In Zambia it is generally agreed on by all stakeholders that the judicial system needs reform to make it more accountable, independent, and able to deliver justice efficiently and effectively. This article discusses judicial reform in the context of the independence of the judiciary. It tries to unpack the term judicial reform. It argues that for the rule of law and constitutionalism to prevail it is crucial that the judiciary is independent and there is separation of powers between the executive and the judiciary, and legislature and the judiciary. For judges to be personally and substantively independent they need security of tenure, and an appointment system that is transparent, takes merit and competence seriously and minimizes political influence in the appointments. While judges need to be accountable for their judgments there is need to guard against those who interpret accountability as getting judges who will deliver desired outcomes in judgments.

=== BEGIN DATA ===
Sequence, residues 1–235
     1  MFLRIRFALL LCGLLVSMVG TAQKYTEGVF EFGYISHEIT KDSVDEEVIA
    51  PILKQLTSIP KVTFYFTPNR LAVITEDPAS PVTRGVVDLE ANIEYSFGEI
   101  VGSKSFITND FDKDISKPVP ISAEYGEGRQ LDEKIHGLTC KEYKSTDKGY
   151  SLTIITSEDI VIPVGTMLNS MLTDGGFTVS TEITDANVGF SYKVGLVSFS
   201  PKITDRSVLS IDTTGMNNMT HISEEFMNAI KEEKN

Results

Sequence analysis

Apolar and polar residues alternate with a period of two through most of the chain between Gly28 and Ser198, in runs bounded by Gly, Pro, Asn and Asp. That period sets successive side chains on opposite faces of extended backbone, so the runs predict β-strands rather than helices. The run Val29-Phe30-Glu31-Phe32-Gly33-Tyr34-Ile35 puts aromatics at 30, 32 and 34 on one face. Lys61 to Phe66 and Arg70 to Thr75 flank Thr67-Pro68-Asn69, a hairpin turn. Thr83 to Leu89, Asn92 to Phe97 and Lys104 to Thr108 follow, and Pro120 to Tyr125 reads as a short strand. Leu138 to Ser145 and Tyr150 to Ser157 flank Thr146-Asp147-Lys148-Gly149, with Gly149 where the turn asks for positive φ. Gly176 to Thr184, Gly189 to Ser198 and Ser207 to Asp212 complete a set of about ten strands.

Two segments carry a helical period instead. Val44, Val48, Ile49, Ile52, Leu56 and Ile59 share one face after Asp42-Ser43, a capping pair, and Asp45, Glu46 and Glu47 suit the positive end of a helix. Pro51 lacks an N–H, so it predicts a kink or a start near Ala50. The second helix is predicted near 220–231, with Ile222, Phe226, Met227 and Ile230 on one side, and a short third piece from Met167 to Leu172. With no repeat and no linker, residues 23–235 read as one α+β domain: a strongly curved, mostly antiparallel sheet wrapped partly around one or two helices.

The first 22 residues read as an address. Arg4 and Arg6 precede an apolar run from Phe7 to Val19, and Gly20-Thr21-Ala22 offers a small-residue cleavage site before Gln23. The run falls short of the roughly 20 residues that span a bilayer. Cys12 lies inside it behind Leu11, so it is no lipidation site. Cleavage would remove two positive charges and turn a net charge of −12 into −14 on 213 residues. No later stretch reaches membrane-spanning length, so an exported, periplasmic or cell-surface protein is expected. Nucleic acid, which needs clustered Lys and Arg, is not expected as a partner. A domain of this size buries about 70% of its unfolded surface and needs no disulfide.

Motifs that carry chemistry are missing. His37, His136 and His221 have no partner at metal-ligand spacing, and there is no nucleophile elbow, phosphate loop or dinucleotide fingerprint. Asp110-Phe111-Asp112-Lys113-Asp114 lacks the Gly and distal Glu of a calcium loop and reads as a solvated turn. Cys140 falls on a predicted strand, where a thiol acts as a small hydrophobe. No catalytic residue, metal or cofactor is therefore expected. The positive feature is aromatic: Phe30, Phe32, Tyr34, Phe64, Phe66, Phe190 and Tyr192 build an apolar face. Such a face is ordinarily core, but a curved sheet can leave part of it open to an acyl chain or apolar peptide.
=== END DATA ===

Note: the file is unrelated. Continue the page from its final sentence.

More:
"Judicial Reform, Constitutionalism and the Rule of Law in Zambia: From a Justice System to a Just System,"
Zambia Social Science Journal: Vol. 2:
1, Article 3.
Available at: https://scholarship.law.cornell.edu/zssj/vol2/iss1/3